Jul 31, 2018
European court rules gene editing equals GMO

 The European Court of Justice (ECJ) has ruled that crops created using gene editing techniques will be considered as genetically modified organisms under their regulations.

U.S. Secretary of Agriculture Sonny Perdue issued a statement saying the ECJ ruling is a setback in that it narrowly considers newer genome editing methods to be within the scope of the European Union’s “regressive and outdated” regulations governing genetically modified organisms.

“Government policies should encourage scientific innovation without creating unnecessary barriers or unjustifiably stigmatizing new technologies,” he said.

Specifically, the ruling said that organisms obtained by mutagenesis, also known as gene editing, in a way that does not occur naturally are considered GMOs.

This means that organisms created through techniques such as CRISPR-Cas9 that don’t insert genes from other organisms but rather turn genes on or off, will be considered GMO.

However, it doesn’t seem the implications of the ruling are cut and dried. The language of the decision includes an exception.

“The Court states, however, that it is apparent from the GMO Directive that it does not apply to organisms obtained by means of certain mutagenesis techniques, namely those which have conventionally been used in a number of applications and have a long safety record,” the ruling said.

Further complicating matters, the ruling said that European member states can subject even these products with a long track record of safety to the regulations of the GMO rule if they want to.

Forbes characterized the decision with the headline “EU Court Tries, But Fails, To Clarify Rules On GMOs And CRISPR”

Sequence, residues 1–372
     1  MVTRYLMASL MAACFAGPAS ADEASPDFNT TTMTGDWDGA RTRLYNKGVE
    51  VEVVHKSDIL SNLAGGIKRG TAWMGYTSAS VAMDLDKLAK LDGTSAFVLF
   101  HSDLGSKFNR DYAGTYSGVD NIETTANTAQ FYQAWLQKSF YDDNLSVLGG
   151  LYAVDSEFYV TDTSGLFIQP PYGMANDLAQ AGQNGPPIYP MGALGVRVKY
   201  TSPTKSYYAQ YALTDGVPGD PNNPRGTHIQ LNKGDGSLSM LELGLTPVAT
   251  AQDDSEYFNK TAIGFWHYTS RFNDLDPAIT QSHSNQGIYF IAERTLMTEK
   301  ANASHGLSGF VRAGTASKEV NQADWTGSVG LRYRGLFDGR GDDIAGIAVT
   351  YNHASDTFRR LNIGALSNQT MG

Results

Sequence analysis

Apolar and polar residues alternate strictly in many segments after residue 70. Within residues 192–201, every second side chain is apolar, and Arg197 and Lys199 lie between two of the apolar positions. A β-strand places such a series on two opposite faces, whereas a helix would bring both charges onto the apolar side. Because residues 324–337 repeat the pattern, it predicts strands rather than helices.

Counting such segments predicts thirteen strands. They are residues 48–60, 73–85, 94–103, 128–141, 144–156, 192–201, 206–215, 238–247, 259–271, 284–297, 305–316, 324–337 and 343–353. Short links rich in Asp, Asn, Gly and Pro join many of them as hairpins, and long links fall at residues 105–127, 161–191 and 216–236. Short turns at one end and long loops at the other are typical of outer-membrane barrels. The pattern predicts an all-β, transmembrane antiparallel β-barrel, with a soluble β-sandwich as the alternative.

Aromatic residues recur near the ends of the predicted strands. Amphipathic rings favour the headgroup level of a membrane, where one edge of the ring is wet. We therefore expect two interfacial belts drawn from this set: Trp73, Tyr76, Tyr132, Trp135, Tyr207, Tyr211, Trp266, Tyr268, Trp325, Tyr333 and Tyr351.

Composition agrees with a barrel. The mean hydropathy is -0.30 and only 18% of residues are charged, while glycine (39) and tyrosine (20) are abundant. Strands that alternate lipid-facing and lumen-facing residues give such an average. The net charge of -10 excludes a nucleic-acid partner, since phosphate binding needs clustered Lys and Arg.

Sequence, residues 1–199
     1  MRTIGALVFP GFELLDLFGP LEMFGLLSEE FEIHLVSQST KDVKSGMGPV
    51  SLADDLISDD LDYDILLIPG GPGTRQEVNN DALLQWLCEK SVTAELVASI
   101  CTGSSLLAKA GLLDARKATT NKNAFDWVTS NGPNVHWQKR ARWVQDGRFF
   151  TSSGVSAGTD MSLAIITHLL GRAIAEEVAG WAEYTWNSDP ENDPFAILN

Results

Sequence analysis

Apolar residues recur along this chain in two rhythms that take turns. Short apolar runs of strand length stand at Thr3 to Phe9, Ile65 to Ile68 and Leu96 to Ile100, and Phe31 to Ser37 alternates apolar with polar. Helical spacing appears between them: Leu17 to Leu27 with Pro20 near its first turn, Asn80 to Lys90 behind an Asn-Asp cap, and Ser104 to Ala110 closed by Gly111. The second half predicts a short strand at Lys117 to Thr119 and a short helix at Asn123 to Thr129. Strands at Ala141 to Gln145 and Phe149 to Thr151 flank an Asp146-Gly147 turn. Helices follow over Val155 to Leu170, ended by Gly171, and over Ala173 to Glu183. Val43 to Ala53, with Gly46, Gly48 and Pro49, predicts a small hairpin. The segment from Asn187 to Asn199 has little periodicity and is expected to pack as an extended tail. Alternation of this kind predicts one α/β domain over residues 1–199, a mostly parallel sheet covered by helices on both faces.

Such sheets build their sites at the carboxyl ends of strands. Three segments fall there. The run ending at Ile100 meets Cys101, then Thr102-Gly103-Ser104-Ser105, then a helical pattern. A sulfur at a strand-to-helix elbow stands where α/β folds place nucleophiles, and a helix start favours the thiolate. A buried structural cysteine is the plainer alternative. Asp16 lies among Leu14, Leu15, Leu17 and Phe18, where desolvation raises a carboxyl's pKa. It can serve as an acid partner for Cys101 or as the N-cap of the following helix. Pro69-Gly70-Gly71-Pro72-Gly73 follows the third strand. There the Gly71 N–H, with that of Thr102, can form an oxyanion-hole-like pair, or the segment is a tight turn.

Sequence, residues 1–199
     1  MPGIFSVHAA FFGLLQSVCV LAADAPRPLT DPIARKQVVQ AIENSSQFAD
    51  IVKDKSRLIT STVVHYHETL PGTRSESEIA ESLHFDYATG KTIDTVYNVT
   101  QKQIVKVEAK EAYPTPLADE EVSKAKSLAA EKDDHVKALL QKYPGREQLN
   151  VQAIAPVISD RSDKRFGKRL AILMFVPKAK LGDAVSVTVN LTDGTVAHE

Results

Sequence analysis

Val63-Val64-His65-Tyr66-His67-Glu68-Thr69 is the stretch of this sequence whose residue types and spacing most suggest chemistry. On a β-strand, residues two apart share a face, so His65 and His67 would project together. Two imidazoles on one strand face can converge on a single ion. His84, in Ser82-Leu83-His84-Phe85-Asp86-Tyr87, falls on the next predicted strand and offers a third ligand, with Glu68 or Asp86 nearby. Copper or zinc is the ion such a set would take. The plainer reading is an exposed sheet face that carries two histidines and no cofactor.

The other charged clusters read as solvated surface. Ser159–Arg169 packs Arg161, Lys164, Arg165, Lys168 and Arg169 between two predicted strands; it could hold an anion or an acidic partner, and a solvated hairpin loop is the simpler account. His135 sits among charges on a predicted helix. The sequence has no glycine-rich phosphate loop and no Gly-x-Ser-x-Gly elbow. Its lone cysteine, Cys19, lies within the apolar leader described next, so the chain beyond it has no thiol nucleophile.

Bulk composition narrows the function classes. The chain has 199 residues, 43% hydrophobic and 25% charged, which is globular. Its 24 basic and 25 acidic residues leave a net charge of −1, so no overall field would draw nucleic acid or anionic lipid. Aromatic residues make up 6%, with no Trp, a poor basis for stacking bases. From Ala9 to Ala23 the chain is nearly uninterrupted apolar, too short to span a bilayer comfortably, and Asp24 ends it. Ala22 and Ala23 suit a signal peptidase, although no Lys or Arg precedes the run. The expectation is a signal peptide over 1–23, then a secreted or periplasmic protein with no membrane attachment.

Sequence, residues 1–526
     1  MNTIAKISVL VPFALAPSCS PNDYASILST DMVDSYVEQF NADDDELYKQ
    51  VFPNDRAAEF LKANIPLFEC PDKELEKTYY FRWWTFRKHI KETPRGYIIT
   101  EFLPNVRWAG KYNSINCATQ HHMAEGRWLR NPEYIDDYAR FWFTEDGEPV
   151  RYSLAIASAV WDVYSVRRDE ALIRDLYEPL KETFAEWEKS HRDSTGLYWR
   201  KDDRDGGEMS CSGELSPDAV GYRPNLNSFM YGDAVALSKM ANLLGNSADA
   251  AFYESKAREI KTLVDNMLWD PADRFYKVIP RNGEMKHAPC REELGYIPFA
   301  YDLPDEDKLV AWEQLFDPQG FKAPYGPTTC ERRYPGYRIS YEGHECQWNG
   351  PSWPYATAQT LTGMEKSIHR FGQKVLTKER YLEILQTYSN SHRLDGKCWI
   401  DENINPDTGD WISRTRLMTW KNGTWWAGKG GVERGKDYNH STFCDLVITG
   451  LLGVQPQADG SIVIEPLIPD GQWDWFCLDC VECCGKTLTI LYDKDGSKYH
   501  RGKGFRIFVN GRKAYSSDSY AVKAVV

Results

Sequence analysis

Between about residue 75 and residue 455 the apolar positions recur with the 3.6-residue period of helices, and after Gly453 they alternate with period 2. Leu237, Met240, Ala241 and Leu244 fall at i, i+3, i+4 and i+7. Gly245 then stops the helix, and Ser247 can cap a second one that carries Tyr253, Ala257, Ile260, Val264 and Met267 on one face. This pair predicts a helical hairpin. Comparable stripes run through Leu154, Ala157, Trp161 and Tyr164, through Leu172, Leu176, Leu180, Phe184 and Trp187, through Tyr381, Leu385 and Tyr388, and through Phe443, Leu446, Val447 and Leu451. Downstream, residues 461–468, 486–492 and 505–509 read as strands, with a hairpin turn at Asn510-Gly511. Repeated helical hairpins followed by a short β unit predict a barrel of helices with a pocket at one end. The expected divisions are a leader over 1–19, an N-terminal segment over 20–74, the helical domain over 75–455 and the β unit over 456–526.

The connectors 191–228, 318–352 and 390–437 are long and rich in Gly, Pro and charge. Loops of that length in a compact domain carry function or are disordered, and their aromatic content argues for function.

“Disappointingly, this decision is likely to further confuse rather than clarify this complex and contentious issue,” wrote Forbes contributor Steven Salzberg.

The New York Times’ coverage also highlighted the confusion caused by the ruling’s language. The paper wrote that in saying crops produced through older methods of altering DNA are not GMO, the exemption left many scientists scratching their heads.

“I don’t know why they are doing that,” said Jennifer Kuzma, an expert in genetic engineering at North Carolina State University to the New York Times. “I was thinking, ‘Do they have the right science advice?’”

In the USDA’s release, Perdue said the U.S. encourages the European Union to seek input from the scientific and agricultural communities, as well as its trading partners, in determining the appropriate implementation of the ruling

“The global regulatory treatment of genome-edited agricultural products has strategic innovation and trade implications for U.S. agriculture,” he said. “For this reason, USDA has clear science- and risk-based policies that enable needed innovation while continuing to ensure these products are safe. In light of the ECJ ruling, USDA will re-double its efforts to work with partners globally towards science- and risk-based regulatory approaches.”






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